Which? recently highlighted the top 10 most useless financial products including things such as mobile phone insurance and packaged current accounts.
Whether you agree with the Which? assessment or not, I thought it would be interesting to take a look at these products from the point of view of the PR person that has to promote (defend?) them. Which? essentially said that people don’t need these products or that they can get better deals elsewhere. So how do you contend with that?
Well, it depends what the criticism is. If it is that the rates or returns aren’t competitive, then fair enough, people don’t have to take these products but there might be many reasons why they might want to do so. For example ease of use/ ease of applying, service, consolidating different types of products with one provider or other benefits that come with the product. Price is not the only factor and some people simply don’t want to constantly shop around for the best deals, they just want to go down the simplest route.
If the criticism is that people don’t need the product, then that simply isn’t valid for everyone. People don’t NEED to buy mineral water, they can just get it for free from a tap. People don’t NEED to buy super unleaded petrol, they can just buy the normal grade. But people sometimes want to do these things so if consumer demand is there, however niche, then there is nothing wrong with catering for that, provided that people have all the information to make a decision.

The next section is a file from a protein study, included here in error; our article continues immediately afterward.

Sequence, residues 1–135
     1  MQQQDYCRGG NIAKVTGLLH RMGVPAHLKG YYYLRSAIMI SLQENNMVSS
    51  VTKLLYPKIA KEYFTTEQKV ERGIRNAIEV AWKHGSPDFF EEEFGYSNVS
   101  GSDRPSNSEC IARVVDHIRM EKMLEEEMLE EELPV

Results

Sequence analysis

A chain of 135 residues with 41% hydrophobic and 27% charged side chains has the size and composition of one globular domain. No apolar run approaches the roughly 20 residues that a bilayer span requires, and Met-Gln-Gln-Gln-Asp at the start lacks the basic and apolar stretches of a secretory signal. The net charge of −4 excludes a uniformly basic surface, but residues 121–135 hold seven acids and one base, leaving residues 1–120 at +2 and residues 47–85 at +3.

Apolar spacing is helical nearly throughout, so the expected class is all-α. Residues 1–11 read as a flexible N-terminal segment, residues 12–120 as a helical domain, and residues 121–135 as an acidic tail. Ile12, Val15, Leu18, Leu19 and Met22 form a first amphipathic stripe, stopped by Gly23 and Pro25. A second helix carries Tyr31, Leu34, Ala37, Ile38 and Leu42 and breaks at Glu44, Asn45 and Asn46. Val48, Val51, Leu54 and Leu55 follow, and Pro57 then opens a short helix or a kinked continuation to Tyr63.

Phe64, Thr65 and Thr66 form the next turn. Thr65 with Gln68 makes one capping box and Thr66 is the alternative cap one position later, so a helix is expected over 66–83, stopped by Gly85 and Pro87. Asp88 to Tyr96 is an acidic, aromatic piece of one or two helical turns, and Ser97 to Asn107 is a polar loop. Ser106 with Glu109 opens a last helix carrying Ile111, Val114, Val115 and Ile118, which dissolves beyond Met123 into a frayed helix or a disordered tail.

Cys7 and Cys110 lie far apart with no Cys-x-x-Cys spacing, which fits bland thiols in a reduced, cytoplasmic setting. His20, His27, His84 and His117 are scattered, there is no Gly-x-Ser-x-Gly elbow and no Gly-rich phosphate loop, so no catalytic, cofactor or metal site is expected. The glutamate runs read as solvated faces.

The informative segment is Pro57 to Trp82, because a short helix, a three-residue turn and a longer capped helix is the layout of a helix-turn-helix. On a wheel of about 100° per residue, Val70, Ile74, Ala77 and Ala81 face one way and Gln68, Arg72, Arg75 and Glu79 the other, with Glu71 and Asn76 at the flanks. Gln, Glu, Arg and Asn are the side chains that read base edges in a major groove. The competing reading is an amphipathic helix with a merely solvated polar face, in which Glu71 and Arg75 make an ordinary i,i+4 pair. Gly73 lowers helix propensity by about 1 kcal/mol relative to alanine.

This leads to the next criticism, which may be that people are hood-winked into taking out a policy or buying a product and not realise what they are getting into. This is where things get much trickier for PRs as your company or client is being accused of dodgy sales practices. There are no easy answers here and protestations that people should have read the small print are not going to find much sympathy with journalists. Ultimately, you can only do the best you can, but if something is rotten, it is rotten.
From a commercial point of view, bad media coverage does not necessarily mean that the providers will amend or withdraw the products. If the product is generating revenue then some companies will take the view that bad PR is a ‘price worth paying’. However, it is the PRs duty to flag up risks and to do their best to change companies for the better, too make them more transparent and to improve their reputation. It would be great to be in a position to make organisations more consumer-friendly using external reputation as leverage. This is what PR can potentially achieve.Read More